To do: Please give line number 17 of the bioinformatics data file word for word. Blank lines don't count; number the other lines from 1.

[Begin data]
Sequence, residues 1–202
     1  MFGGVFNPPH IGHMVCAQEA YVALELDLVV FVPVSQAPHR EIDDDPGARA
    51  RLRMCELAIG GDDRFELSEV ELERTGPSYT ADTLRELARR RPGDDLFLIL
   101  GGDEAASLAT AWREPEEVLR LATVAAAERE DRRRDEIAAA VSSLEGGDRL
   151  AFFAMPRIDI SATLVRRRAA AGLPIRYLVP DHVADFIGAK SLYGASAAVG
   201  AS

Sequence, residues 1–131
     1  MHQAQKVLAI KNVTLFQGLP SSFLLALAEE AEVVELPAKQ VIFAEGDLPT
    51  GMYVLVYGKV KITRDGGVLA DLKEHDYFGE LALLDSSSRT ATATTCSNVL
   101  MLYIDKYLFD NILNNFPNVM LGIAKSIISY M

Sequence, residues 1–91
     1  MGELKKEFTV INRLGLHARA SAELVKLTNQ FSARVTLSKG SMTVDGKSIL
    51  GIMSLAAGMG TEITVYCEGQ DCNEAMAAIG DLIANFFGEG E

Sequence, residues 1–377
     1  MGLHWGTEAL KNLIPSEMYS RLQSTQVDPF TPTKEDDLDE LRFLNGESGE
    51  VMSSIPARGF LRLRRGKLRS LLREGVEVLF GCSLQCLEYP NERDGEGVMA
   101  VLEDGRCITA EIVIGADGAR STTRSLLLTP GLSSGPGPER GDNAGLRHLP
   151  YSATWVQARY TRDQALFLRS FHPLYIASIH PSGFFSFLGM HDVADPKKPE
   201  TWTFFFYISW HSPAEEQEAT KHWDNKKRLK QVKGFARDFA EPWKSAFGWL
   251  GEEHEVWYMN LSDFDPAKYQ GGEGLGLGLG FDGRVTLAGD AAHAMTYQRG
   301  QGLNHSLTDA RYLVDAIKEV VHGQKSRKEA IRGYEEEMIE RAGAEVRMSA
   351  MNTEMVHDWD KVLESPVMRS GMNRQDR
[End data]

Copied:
   101  VLEDGRCITA EIVIGADGAR STTRSLLLTP GLSSGPGPER GDNAGLRHLP